Relief was the main emotion Jarrod Witts displayed after completing his first full game in Gold Coast colours on Thursday night against the Western Bulldogs.

The recruit had only lasted one quarter against the Brisbane Lions in the opening JLT Community Series game before he split the webbing in his hand for the second time in 12 months and was sent to surgery.

Having recovered quickly from the operation, he threw a protective glove on his left hand then shouldered the rucking load – with occasional support from Peter Wright – against the Bulldogs with 13 handballs and a kick, as well as 31 hitouts in a promising performance.

Only a dropped mark in the last quarter diminished his rating, with senior coach Rodney Eade pleased overall with his ruckwork.

Post-game Witts was focusing on the positives when he spoke to

"It's an awesome feeling to get through [the game]," Witts said.

The 24-year-old's importance to Gold Coast's fortunes in 2017 should not be underestimated.

At 209cm, with 40 games experience and the ban on third-man up he could stamp himself on the competition if he takes his chance to become the club's number one ruckman.

At this point he sits in the box seat to get first crack at being the main man ahead of Tom Nicholls and Daniel Currie, having learned most of his trade at Collingwood.

NSW-raised he joined the Magpies in 2011 and was gaining momentum in 2014 with 20 games before a shoulder injury stopped him in his tracks

Following a post-season operation he played 11 senior games in 2015 and just two last year before seeking a trade. 

It's not hard to understand why the big man's energy and enthusiasm was tested at times during that period.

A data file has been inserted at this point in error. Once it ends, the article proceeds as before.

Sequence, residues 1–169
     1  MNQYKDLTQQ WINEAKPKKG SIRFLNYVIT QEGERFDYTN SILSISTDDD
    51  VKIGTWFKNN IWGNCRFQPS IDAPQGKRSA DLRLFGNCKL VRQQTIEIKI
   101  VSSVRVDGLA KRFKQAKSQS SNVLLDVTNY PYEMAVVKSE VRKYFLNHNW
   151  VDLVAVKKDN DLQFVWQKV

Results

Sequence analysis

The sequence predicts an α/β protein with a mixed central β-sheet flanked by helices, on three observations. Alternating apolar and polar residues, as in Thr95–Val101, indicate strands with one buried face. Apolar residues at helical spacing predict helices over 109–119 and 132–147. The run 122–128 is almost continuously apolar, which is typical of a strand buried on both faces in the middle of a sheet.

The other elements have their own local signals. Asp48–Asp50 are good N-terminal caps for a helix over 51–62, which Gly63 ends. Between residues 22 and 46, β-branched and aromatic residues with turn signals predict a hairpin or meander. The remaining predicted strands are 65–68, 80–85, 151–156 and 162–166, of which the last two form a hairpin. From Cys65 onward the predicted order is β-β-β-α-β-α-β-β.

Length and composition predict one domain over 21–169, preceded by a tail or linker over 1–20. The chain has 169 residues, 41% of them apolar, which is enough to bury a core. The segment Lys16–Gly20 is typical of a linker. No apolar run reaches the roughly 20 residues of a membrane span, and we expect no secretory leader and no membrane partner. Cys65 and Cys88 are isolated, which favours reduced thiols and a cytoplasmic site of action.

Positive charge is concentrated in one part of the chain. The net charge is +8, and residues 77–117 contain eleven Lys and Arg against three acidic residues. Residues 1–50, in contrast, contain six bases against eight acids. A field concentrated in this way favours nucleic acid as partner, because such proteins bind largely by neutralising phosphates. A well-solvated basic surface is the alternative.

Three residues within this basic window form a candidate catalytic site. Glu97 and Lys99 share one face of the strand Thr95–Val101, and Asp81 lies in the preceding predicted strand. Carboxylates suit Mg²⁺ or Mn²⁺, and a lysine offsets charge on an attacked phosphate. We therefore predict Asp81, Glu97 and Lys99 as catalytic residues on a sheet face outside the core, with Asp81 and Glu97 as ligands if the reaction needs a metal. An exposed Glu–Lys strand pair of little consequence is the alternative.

"You can't really lie flat. I used to sleep on my stomach and my side so you have to sort of lay on the 45 (degree angle) with your arm in the sling for about six weeks," Witts said.

"It's pretty much learning to sleep on your back."

His wish is that such a recollection soon becomes a distant memory.

"I hope I don't have to go down that road again," Witts said.

During that time the lead he had established over the emerging Brodie Grundy in the race to be the Magpies first ruck narrowed.

Again injuries intervened.

At season's end he was traded to the Gold Coast hoping to be given more AFL opportunity and be part of a successful team.

"That would be nice and that is obviously the goal," Witts said.

The first difference that struck him was the Queensland heat and the impact it had on his long, lean body.

He found himself dropping five kilograms during the main sessions, working out eventually through trial and error whether to hydrate before training or replenish afterwards.

Once he settled he went to work with SUNS' assistant coach Matt Primus, a first-class ruckman in his day, and began building on aspects of his game he had developed at Collingwood.

So far his tap work has been strong and he continues to work on his marking.

His habit of dropping his height as he takes a mark rather than grabbing it at its highest point is noticeable, but it is an issue he can overcome if he maintains the faith.

"[I'm] always working on marking. It is probably the hardest component of the game," Witts said.

He didn't back away from the fact he made a mess of a mark in the last quarter against the Bulldogs, looking for a moment like an old drunk playing kick-to-kick as he grassed the ball and let Liam Picken pounce on it and kick a goal.

This time however, in what is a good sign for the future, Witts' reaction to the mistake was steely, with the big man conceding he was getting better at moving on if he made an error.

"That comes from the coaches," Witts said.

"They have instilled a lot of confidence in me to just back myself…if I do make a mistake, don't worry about it, don't let it bother you, don't get caught up on it and [move] straight on to the next contest and have an impact."

Witts hopes the change in the third-man up rule has a positive effect on him, but knows it will only play a minor role on his form.

"I will be able to use my height a bit more and not have to worry too much about what is behind me and what is coming in from the side, so I can just stand tall," Witts said.

"I am just learning about working with different guys, getting those combinations right and trying to get our timing right and making the right calls at the right times."

Witts appears as ready as ever.